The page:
Friday, July 29, 2005

Aging: Economics and Investing

Our only hope: retiring later by Jim Jubak

Jim Jubak is definitely worth reading for anyone interested in investing. This column touches on the economic problem of the aging population.

My solution is based on common sense and my observations of what people actually do in retirement: They work. It's based on a belief that we'd fix the so-called crisis if we could just get more productive work out of older workers, by improving their jobs so they'd voluntarily stay on at work, or by giving them resources and support to start post-retirement careers.

That pretty much has to be part of the solution. While the United States is rich even we are not rich enough to have people work for 40 years and not work for 40 years. Retirement at 65 was set when most people died before or soon after that date. It just is not realistic to think we can live at the standards of living we expect and only work from 25-65.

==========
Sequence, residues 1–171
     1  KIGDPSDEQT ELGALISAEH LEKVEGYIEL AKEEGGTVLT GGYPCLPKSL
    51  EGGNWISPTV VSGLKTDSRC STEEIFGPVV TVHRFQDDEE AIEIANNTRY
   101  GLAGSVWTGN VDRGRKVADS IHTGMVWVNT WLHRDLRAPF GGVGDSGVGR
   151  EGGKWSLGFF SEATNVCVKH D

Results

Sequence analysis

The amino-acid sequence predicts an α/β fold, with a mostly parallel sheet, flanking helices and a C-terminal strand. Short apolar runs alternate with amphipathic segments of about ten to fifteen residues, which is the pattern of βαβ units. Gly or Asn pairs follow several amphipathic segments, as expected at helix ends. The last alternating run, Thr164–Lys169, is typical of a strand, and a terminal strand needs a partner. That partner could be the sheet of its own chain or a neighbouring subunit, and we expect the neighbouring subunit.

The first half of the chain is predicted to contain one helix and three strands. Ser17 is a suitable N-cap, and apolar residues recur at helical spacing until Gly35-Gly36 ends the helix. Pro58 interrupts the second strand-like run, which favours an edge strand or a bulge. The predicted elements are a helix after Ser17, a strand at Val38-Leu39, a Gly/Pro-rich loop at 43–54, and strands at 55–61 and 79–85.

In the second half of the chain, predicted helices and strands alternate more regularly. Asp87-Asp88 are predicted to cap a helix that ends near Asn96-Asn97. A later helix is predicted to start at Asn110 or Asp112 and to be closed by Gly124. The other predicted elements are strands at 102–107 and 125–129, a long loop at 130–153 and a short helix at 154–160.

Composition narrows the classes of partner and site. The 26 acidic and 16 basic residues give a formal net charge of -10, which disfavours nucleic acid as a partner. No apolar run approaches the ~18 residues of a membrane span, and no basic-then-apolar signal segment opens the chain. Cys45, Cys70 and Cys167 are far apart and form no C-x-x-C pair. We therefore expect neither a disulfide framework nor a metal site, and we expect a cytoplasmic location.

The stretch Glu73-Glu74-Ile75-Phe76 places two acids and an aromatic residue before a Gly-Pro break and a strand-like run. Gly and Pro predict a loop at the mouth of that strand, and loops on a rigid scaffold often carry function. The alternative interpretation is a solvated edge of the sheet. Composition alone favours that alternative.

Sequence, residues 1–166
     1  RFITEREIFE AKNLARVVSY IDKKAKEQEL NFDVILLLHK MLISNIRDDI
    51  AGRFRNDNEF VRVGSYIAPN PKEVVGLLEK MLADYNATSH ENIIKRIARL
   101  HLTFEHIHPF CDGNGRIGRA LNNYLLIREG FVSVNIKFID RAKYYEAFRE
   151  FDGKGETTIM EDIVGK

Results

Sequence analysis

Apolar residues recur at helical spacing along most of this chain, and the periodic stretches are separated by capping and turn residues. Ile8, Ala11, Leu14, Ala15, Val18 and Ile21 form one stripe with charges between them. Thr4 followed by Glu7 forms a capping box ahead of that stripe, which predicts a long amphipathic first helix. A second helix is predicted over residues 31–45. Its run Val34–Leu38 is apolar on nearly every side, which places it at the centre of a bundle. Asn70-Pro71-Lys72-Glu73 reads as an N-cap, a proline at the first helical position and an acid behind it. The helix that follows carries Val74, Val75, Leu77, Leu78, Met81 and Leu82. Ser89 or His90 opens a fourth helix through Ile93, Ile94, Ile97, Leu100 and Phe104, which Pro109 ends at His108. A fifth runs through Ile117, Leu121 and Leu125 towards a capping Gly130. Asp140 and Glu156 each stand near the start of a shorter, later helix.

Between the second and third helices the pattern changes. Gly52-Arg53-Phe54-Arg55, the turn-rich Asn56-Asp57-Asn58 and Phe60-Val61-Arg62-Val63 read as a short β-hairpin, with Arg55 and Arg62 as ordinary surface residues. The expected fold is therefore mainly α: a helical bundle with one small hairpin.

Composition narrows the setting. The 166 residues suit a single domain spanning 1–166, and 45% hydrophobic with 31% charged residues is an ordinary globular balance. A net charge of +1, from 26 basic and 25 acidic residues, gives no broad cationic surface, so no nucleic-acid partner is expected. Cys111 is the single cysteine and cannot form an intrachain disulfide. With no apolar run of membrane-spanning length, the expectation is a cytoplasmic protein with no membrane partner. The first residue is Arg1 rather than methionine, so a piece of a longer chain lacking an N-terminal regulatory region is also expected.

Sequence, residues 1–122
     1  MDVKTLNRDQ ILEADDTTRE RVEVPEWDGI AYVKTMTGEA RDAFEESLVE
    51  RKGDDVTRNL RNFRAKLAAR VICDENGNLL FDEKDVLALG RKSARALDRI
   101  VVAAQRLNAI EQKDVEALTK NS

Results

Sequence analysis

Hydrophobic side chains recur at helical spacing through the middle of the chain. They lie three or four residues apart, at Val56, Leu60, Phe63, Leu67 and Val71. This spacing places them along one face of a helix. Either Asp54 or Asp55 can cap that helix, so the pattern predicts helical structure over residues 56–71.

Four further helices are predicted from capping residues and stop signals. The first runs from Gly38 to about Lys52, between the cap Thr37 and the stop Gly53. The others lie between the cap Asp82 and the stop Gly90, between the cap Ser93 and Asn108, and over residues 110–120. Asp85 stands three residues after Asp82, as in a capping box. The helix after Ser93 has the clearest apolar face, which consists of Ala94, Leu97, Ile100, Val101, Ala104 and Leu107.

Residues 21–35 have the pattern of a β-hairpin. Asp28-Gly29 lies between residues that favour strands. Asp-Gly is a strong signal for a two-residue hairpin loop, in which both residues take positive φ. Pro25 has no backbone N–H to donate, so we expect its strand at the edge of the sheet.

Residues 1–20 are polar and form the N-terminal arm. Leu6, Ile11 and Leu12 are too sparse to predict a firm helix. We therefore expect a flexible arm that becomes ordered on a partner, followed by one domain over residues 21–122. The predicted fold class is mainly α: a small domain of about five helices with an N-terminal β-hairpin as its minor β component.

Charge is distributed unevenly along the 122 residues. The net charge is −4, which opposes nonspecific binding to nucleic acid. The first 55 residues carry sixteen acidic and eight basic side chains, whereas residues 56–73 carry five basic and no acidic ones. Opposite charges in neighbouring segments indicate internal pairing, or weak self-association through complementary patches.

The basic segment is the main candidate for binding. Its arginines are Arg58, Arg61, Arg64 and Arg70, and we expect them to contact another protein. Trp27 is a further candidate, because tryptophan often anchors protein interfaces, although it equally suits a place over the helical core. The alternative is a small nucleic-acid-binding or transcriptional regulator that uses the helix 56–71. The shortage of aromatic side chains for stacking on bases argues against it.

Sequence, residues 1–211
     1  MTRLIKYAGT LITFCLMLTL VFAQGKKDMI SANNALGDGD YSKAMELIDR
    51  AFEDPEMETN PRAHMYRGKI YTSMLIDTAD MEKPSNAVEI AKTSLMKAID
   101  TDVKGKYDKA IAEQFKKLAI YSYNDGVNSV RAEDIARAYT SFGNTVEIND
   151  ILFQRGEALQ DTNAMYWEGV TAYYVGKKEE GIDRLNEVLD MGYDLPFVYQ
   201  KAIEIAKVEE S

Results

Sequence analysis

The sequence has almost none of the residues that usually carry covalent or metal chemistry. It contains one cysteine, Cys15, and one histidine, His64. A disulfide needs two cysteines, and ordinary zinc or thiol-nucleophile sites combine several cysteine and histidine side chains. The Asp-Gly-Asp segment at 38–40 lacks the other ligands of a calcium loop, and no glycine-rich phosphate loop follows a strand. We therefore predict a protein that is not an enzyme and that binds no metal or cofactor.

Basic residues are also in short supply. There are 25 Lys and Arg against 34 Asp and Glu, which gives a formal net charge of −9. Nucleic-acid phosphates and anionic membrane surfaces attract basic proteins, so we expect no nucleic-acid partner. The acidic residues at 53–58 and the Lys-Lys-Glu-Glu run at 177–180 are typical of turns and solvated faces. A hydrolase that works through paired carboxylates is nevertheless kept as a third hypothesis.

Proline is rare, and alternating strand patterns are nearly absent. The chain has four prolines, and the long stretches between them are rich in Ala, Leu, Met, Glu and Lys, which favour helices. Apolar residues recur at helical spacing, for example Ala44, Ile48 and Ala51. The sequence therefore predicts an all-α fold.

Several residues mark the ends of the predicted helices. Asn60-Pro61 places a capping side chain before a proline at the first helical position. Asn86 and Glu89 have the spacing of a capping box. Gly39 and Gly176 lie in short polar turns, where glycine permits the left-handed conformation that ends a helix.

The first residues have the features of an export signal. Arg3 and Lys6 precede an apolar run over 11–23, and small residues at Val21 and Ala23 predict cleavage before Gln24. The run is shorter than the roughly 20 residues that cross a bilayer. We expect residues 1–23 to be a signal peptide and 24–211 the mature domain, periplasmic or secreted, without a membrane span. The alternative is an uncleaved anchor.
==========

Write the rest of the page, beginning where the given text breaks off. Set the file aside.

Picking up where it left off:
If people want to cut the standard of living during the 80 years they live that would be one tradeoff they could make. I don't believe his contention that savings is not a reasonable significant part of the solution (if that is what he means by "The whole world is getting old pretty much all at once, so saving more and investing at higher returns won't do the trick."
The issue of how to deal with the economic consequences of aging population is an important issue to consider today. It is something I need to continue to study. But we also need to be taking action now on things like increasing the full retirement age for Social Security, increasing the saving rate, decreasing the current yearly federal deficit (and private pension liabilities), providing ways for those in their 60's and 70's to participate in the economy that work well (probably part time, more flexible work arrangements, etc.).

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